You have probably heard the terminologies PCI compliance and PCI certification bandied about, but did you know that they are not interchangeable?

Data security has surpassed being just an industry buzzword; it’s now a basic tenet of responsible business ownership.

The highest levels of data security are measured based on one primary standard, and that measuring stick is called the Payment Card Industry Data Security Standard (shortened up, it often reads as PCI DSS, PCI-compliant, or PCI-certified. Each moniker means that the service provider has implemented rigorous measures to prove that they take data security seriously.

The Need for PCI DSS Arises

While PCI DSS is a hot topic, it is not a new concept. Many business owners are stunned to learn that the idea turns twenty years old in October of 2019. In fact, it’s evolved many times over that span of time. Here are several of the more significant milestones.

The need for increased security measures was first noted by the payment card industry giant Visa in 1999. As the internet gave birth to a new concept—e-commerce—card security became of paramount importance due to the rise in online fraud.

As the internet exploded and connected shoppers with worldwide vendors in the early 2000s, a new concern arose. The standards set forth by companies operating on one continent wildly varied from those in use on another. This inconsistency still left unsuspecting online shoppers subject to the threat of data theft. Thus, these standards were tightened up to close loopholes and standardize practices.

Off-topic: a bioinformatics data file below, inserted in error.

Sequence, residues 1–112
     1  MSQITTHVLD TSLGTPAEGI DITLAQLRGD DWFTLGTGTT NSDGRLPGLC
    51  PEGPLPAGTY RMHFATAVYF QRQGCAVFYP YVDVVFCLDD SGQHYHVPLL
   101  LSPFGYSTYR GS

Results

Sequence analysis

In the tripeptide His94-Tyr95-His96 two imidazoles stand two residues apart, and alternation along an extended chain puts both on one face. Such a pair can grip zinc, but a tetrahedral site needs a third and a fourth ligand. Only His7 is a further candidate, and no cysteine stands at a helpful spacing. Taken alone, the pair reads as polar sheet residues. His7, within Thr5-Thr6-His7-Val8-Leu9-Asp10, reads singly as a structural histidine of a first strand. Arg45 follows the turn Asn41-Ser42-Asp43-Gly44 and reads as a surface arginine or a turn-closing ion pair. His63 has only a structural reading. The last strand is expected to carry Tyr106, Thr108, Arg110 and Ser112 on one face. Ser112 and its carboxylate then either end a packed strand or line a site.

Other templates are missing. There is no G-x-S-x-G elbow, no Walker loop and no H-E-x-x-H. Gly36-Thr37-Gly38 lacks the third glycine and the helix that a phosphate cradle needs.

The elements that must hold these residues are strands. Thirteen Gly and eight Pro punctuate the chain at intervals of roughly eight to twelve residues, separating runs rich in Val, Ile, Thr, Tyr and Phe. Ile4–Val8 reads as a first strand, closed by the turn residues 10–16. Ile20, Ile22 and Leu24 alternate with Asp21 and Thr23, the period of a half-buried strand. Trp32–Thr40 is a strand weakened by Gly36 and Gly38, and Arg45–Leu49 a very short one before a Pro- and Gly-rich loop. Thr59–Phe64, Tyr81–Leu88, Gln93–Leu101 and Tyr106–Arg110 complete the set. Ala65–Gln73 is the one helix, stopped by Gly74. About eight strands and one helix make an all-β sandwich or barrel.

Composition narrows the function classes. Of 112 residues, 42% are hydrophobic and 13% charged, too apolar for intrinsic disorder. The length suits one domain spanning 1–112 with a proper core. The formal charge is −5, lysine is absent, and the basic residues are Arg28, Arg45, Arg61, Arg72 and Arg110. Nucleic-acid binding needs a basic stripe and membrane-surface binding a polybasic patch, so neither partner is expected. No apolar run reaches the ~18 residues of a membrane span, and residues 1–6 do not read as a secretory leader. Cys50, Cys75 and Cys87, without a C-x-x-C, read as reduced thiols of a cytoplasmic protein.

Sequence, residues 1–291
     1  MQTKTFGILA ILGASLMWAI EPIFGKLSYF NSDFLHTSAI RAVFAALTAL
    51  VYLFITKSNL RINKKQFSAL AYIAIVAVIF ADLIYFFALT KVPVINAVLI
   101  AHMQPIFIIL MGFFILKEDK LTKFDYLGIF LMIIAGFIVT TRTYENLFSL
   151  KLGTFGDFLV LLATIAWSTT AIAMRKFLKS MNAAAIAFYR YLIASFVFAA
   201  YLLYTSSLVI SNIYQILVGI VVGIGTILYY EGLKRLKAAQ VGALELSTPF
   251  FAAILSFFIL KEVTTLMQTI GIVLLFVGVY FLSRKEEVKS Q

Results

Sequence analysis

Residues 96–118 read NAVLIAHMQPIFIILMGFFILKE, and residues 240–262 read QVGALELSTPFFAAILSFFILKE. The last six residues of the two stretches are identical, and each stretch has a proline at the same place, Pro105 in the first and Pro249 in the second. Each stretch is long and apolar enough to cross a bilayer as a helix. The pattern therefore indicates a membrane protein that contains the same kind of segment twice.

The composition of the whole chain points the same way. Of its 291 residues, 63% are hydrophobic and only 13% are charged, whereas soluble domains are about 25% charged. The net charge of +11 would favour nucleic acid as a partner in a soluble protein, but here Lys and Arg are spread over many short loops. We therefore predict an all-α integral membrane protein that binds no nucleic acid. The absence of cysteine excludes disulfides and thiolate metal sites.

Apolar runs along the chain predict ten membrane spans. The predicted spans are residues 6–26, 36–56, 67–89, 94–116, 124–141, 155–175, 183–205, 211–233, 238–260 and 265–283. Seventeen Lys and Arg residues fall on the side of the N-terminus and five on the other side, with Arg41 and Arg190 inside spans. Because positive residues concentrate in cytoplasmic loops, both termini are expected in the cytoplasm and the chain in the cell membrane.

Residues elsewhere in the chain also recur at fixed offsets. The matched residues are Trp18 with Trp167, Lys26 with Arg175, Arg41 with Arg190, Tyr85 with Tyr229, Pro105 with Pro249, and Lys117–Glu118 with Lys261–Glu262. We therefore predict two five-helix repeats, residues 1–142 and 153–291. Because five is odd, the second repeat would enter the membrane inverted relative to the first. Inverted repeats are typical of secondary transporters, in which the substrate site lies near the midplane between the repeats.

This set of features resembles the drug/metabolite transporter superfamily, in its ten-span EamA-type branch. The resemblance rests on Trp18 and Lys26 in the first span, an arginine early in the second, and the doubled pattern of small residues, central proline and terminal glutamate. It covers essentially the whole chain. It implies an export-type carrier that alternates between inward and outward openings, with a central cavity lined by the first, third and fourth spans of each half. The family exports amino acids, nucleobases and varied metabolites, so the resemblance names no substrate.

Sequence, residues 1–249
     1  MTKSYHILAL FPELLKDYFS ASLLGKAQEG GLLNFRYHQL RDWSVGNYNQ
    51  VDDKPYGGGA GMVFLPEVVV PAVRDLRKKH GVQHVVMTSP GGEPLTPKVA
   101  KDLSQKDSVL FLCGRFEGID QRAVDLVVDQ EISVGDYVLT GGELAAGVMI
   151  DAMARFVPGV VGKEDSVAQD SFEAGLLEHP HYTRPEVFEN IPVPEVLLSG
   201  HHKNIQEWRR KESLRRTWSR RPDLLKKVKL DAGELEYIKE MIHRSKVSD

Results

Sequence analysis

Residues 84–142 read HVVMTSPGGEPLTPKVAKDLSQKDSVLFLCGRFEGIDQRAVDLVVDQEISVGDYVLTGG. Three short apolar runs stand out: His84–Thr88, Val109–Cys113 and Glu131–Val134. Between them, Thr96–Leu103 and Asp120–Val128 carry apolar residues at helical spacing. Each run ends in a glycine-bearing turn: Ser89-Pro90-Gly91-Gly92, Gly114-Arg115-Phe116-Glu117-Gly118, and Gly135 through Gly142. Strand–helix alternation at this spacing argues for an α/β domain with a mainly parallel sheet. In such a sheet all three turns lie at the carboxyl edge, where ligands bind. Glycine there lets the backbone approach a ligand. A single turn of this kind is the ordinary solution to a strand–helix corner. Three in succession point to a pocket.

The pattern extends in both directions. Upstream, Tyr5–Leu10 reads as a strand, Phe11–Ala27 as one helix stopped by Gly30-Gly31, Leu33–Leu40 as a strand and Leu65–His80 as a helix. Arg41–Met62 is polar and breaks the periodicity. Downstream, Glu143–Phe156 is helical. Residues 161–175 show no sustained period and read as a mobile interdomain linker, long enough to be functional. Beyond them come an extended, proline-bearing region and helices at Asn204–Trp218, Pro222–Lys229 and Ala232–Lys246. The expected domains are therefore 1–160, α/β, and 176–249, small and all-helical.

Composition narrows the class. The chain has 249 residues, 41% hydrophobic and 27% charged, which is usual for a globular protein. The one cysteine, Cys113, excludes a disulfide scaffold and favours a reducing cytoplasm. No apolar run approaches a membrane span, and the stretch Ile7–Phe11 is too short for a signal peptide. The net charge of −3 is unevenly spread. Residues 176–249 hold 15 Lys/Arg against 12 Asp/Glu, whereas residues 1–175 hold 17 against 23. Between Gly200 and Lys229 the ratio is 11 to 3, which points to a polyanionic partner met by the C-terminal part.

As a consequence of the continued upswing in malware, cyber-attacks, and data theft, the five largest payment processing companies banded together to form the Payment Card Industry Security Standards Council (PCI SSC) in 2006. Payment processing companies were mandated to comply with the strictest of requirements.

The founding members of the PCI SSC are:

For the past decade, the council members have impacted the payment industry by advocating for strict compliance by any payment processors with a goal of protecting both consumers and merchants from losses resulting from online fraud.

This summary underscores the need for—plus the vital role of—PCI DSS for any company who accepts payments.

Comparison of PCI Compliance and PCI Certification

Both PCI compliance and PCI certification require participating businesses to undergo a rigorous vetting process that ensures they are securing data according to the PCI standards.

What companies participate? Companies that process, transmit or store customer payment data are the ones who must become PCI compliant.

But, there they spend a significant investment to achieve these esteemed credentials. For small businesses, be certain that you are using banks, online services, and other providers that have got you covered with at least PCI Compliance. Or, even better, choose a provider that’s PCI Certified.

What is PCI Compliance?